After a brief experiment with 3D in 2009, Audi stripped it right back for today’s minimalist-loving and digital-first audience. The oh-so-simple logo now features four flat, interlocking rings in black or white, with no company name beside them. And you’d be hard pushed to find a person on the planet who doesn’t recognise them.


Last year, meanwhile, the car firm got plenty of attention on social when it unveiled a socially distanced logo with the rings separated. The gimmick was to highlight the importance of keeping safe in the Covid crisis.



2. Cadbury


Cadbury brand evolution

Cadbury has amassed a portfolio of different looks over the decades, most of which have revolved around two key things. Firstly, if it ain’t purple, it ain’t Cadbury. The purple and gold combo arrived in 1905 and has remained at the heart of the company’s branding.


Secondly, the curly wurly (sorry, couldn’t resist) script font. Based on the signature of John Cadbury’s grandson, it first appeared on the company’s trucks in 1921 and began being used more widely in the Fifties.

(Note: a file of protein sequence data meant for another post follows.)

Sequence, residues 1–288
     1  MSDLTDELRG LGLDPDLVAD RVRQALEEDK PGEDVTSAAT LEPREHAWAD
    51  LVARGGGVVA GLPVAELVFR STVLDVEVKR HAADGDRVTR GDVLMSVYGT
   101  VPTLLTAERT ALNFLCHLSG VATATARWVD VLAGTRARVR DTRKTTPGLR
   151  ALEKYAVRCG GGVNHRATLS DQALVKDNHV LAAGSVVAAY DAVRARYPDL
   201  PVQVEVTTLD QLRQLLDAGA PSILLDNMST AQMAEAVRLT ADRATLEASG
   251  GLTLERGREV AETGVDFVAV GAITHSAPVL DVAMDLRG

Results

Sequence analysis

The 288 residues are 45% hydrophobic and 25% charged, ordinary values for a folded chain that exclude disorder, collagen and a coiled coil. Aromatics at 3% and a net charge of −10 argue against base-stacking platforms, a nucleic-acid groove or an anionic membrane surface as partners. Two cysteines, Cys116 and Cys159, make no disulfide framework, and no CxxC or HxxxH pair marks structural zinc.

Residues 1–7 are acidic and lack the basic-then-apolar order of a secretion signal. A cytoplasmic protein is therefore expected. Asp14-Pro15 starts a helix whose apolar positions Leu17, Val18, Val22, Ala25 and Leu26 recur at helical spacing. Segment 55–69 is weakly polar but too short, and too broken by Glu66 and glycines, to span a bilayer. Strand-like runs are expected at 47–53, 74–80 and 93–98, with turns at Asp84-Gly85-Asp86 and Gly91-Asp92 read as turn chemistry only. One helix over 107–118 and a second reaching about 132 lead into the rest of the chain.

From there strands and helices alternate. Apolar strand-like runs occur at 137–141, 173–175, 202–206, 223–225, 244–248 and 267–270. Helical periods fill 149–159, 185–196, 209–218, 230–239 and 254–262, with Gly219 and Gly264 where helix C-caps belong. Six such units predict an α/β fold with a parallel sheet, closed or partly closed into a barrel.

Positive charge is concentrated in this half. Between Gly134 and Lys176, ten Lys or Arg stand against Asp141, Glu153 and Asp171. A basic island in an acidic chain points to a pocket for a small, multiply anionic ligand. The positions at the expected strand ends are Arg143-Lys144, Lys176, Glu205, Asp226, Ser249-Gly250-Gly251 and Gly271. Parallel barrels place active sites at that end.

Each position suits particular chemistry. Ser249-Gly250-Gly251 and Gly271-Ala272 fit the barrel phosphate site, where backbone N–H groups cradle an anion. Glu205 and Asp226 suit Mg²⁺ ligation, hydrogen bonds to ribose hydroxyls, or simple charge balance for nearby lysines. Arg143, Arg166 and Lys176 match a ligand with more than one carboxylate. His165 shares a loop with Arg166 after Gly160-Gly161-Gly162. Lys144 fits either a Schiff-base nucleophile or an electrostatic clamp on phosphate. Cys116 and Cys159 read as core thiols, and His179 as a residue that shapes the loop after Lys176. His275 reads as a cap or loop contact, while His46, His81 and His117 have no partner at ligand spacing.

Interestingly, this famous wordmark has gone full circle. After decades of tweaking the font to give it a more contemporary, polished feel, Cadbury has just unveiled its latest version which looks much more like the flamboyant signature it once was. The idea, apparently, was to ‘put the humanity back into it’.

The firm’s famous glass-and-a-half logo, introduced in the 1920s, has also been redrawn as part of the 2020 shake-up, and this time it shows the milk being poured into a chunk of chocolate. Mmm, works for us.


3. Mastercard


Mastercard brand evolution

You know a company’s feeling pretty confident when it drops words from its branding altogether. And Mastercard has done exactly that, joining the likes of Apple, Nike and Audi in being represented by a single, simple icon.